The description of verbal components in the rules of spellcasting (PHB 203) says the sound of my voice alone is what causes the magic of this spell to happen:
Most spells require the chanting of mystic words. The words themselves aren’t the source of the spell’s power; rather, the particular combination of sounds, with specific pitch and resonance, sets the threads of magic in motion.
Say my familiar is in another room, no matter how far away. Through my familiar’s eyes, I see a target at 60 feet. From my familiar comes my own magic-infused voice. That particular combination of sounds, with specific pitch and resonance, sets the threads of magic in motion that travel to the target and heal it.
Is this possible?
Symbol allows you to create a magical glyph that triggers on a condition you determine. One of the glyphs you can create is called Discord:
Each target must make a Constitution saving throw. On a failed save, a target bickers and argues with other creatures for 1 minute. During this time, it is incapable of meaningful communication and has disadvantage on attack rolls and ability checks.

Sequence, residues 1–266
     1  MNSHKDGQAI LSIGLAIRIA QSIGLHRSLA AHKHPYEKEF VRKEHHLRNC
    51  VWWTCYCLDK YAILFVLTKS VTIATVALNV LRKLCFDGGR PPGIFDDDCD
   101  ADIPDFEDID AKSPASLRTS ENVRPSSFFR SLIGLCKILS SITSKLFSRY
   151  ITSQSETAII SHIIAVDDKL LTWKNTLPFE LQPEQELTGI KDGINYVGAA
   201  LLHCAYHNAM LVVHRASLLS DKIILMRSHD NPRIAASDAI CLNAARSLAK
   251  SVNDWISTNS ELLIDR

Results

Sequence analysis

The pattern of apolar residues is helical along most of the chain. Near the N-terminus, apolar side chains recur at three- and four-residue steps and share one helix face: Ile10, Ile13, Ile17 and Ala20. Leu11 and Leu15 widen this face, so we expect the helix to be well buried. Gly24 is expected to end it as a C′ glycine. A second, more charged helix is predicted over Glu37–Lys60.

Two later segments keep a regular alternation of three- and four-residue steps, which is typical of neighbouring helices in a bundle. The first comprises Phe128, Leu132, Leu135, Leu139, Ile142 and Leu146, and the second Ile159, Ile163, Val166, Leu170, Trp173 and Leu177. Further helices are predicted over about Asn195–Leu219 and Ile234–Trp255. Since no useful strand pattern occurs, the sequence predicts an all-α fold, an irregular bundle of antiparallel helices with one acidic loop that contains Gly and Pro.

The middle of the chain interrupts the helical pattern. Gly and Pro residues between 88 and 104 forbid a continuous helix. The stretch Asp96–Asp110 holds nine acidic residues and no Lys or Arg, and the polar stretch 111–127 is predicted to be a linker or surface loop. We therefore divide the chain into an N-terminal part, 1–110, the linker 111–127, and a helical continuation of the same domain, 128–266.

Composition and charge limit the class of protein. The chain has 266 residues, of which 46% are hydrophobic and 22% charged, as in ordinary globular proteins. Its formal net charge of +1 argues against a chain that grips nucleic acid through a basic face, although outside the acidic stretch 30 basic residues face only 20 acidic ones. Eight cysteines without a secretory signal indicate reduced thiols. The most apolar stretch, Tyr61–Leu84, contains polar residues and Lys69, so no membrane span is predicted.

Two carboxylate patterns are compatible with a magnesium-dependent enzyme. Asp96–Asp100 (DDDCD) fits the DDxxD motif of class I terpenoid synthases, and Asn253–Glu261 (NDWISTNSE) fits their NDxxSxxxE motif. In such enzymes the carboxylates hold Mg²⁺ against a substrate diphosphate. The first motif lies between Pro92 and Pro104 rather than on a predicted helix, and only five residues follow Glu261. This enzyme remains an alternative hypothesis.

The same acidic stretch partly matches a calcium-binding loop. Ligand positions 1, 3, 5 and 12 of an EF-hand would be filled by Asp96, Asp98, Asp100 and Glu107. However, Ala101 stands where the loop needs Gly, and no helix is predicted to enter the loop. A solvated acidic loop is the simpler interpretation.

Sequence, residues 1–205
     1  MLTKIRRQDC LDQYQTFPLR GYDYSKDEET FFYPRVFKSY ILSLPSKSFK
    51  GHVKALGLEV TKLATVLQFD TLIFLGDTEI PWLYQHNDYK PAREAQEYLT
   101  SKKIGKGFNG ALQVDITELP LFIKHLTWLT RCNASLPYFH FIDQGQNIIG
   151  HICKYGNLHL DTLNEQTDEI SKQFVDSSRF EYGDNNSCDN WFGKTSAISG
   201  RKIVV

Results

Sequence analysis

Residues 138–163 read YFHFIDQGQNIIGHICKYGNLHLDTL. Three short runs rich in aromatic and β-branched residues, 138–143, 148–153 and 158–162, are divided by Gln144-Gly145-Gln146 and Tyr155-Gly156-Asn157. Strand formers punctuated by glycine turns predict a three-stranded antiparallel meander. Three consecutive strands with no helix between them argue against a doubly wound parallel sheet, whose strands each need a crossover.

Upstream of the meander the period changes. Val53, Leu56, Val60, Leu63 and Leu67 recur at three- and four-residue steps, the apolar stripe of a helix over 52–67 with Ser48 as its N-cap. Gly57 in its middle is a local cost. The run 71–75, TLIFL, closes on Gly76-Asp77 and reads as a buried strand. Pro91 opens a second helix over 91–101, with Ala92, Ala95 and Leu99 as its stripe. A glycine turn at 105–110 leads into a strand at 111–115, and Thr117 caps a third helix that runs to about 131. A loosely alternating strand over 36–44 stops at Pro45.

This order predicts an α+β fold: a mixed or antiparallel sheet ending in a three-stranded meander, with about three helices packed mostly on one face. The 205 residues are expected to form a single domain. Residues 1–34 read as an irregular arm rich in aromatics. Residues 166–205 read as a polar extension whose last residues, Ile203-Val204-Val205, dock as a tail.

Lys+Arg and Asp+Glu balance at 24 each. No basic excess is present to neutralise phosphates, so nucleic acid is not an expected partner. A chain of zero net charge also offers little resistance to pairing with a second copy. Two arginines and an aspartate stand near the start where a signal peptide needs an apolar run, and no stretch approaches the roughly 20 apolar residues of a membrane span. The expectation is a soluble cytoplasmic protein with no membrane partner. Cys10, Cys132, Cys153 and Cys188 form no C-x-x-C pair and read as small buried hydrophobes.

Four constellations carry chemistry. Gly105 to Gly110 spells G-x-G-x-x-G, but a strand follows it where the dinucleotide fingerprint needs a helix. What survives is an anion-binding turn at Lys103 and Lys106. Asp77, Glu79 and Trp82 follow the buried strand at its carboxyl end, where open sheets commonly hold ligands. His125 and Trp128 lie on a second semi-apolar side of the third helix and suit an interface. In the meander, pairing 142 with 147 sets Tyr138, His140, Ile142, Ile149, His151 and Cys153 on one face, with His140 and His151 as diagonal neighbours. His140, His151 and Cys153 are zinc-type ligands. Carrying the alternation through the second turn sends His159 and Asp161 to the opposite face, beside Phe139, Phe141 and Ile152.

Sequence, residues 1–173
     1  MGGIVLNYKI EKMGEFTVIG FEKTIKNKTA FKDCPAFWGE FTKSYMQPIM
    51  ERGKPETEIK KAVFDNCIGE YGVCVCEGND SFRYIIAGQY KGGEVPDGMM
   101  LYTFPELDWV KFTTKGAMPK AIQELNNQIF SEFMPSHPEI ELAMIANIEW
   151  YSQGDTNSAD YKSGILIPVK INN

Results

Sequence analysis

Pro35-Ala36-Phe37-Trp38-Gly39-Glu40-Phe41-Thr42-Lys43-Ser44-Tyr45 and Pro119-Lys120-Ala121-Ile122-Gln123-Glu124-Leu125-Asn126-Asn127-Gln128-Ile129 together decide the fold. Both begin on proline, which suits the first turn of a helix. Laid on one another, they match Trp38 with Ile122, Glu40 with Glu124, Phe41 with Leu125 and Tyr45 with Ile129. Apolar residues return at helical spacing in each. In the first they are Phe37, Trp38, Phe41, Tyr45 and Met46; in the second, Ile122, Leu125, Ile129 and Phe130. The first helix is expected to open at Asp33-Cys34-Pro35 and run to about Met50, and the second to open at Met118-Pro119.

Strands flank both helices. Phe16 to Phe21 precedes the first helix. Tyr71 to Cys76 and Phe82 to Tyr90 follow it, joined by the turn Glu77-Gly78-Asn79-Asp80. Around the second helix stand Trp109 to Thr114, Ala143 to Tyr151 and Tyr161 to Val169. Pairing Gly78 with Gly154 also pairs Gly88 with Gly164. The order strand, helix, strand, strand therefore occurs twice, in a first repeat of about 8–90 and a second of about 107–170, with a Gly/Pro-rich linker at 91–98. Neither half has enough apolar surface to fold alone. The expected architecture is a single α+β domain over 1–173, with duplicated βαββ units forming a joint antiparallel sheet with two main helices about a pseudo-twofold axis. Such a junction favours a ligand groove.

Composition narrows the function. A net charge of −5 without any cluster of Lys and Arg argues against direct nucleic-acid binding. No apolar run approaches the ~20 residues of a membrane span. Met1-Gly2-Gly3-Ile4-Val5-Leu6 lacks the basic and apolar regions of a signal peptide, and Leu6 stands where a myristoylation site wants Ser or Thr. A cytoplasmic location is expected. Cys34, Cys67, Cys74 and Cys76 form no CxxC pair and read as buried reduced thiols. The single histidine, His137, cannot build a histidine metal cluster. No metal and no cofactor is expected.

Is a creature who fails the save against this effect capable of performing verbal spell components?
A Kenku can only speak by mimicry, so can a Kenku fulfill the verbal portion of spells of his class? I would assume that he could only cast a verbal spell if he has heard the spell be cast by another caster of his same class. Also, the other caster would have to have cast the spell in a way that the Kenku knew what was spoken and why.